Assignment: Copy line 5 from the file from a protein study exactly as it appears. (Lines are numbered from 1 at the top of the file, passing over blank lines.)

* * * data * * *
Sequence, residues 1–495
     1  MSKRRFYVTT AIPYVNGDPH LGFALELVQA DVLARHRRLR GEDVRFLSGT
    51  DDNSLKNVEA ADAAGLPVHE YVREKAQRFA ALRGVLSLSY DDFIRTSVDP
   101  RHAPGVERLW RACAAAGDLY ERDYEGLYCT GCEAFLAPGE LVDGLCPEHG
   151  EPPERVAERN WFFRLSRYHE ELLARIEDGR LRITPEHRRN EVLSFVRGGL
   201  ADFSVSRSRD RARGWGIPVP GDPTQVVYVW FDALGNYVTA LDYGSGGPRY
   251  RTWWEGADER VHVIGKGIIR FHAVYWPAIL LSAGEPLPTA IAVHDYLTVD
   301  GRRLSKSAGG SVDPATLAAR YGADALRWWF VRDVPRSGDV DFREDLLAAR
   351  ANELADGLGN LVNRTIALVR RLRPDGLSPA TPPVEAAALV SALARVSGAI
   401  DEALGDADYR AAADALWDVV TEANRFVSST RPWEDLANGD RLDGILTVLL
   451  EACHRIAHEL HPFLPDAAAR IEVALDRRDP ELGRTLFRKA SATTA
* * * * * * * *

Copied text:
   151  EPPERVAERN WFFRLSRYHE ELLARIEDGR LRITPEHRRN EVLSFVRGGL